Special Report

States With The Best and Worst Diets

31. Florida
> Pct. consuming vegetables at least once daily:
79.2% (14th highest)
> Pct. consuming fruit at least once daily: 62.0% (21st highest)
> Obesity rate: 26.4% (14th lowest)
> Poverty rate: 16.5% (16th highest)

About 62% of Florida’s adults do not eat fruit at least once each day, roughly in line with the nation as a whole. Also, residents eat vegetables at a rate similar to the national average rate. Of students in grades 9-12, 60.8% consume at least one fruit daily, also similar to the national share of 62.6%. Florida’s obesity rate of 26.4% is slightly lower than the 28.3% of adults nationwide who live with obesity.

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32. North Dakota
> Pct. consuming vegetables at least once daily:
72.6% (5th lowest)
> Pct. consuming fruit at least once daily: 59.7% (19th lowest)
> Obesity rate: 31.0% (14th highest)
> Poverty rate: 11.5% (9th lowest)

Roughly 60% of North Dakota’s adults eat fruit at least once each day, slightly lower than the national share of adults who consume fruit on a daily basis. On the other hand, 72.6% of adults eat vegetables daily, one of the lowest such proportions. A low share of the state’s residents consume vegetables despite a high concentration of farmer’s markets in the North Dakota. There are around 10 farmer’s markets per 100,000 state residents, the second highest concentration in the nation. North Dakota is also somewhat unusual in that it ranks on the lower end of this list despite having a very low poverty rate and very high incomes.

33. Pennsylvania
> Pct. consuming vegetables at least once daily:
75.3% (15th lowest)
> Pct. consuming fruit at least once daily: 62.5% (18th highest)
> Obesity rate: 30.0% (19th highest)
> Poverty rate: 13.6% (21st lowest)

Pennsylvanians maintain a diet similar to the nation as a whole. Across the state, 62.5% of adults report eating fruit at least once daily, roughly in line with the 61.5% of adults nationwide who eat fruit daily. The state also eats its vegetables with a similar frequency as the national rate. About three-quarters of Pennsylvanian adults consume vegetables at least once throughout the day. Likewise, 77.6% of Americans report eating vegetables with a similar frequency. Not surprisingly, the state’s health outcomes are similar to the health outcomes nationwide. The national obesity rate is 28.3%. Similarly, 30.0% of Pennsylvania adults are obese.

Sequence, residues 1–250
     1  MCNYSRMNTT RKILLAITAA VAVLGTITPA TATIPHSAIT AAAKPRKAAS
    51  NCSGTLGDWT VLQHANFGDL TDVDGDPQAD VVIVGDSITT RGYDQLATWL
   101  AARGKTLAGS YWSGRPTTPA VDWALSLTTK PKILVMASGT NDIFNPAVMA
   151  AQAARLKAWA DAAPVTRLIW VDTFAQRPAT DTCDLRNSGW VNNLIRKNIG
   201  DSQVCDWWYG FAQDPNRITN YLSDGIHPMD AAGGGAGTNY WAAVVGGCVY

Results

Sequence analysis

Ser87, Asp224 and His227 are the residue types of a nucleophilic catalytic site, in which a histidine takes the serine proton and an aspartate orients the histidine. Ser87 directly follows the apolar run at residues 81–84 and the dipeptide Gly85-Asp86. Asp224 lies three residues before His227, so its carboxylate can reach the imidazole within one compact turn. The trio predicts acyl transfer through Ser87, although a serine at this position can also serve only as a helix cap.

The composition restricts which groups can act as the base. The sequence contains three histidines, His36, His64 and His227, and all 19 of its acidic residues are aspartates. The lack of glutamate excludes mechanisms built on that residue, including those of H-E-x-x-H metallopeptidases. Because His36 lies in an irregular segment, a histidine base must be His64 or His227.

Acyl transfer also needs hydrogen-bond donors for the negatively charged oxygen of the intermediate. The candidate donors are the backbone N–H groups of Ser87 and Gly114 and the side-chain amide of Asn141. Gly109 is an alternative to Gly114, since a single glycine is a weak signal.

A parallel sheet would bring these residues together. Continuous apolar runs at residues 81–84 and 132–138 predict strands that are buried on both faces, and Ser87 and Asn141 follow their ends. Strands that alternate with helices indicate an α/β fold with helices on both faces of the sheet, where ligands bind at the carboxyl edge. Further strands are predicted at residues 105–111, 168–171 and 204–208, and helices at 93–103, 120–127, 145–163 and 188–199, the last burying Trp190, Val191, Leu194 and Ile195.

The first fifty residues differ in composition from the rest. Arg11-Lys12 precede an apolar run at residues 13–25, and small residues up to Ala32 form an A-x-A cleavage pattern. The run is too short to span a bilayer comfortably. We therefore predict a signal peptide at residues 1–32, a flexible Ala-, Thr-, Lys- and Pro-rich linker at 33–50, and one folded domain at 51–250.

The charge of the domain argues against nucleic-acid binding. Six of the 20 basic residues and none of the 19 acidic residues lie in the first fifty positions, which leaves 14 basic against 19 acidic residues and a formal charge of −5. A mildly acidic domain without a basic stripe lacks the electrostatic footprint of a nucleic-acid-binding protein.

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34. Ohio
> Pct. consuming vegetables at least once daily:
73.7% (9th lowest)
> Pct. consuming fruit at least once daily: 58.4% (16th lowest)
> Obesity rate: 30.4% (16th highest)
> Poverty rate: 15.8% (20th highest)

Ohio’s diet does not stand out as healthy or unhealthy compared to the populations of all U.S. states. When surveyed about their eating habits, 58.4% of Ohioans reported eating fruit at least once daily, similar to the 61.5% of respondents across America who claimed the same. Students in Ohio also maintain an average diet, with 61.2% of 9th-12th graders consuming fruit at least once per day, similar to the 62.6% of 9th-12th graders nationwide who do. Not surprisingly, Ohio’s health outcomes are representative of the nation as a whole. Ohio’s adult obesity rate of 30.4% is just about 2 percentage points higher than the national obesity rate of 28.3%.

35. Delaware
> Pct. consuming vegetables at least once daily:
71.1% (3rd lowest)
> Pct. consuming fruit at least once daily: 59.6% (18th lowest)
> Obesity rate: 31.1% (13th highest)
> Poverty rate: 12.5% (17th lowest)

Delaware’s population is much worse at eating fruit than vegetables on a daily basis. The state has the third lowest share in the country of adults who report eating vegetables every day, but it ranks better, at 18th, in daily fruit consumption among residents 18 years old and over. The lower rate of vegetable consumption in the state may result in long-term health problems and shorter lifespans for Delaware’s population. Each year, an average of 7,359 years are lost per 100,000 state residents due to premature death, one of the higher level of premature in the country.

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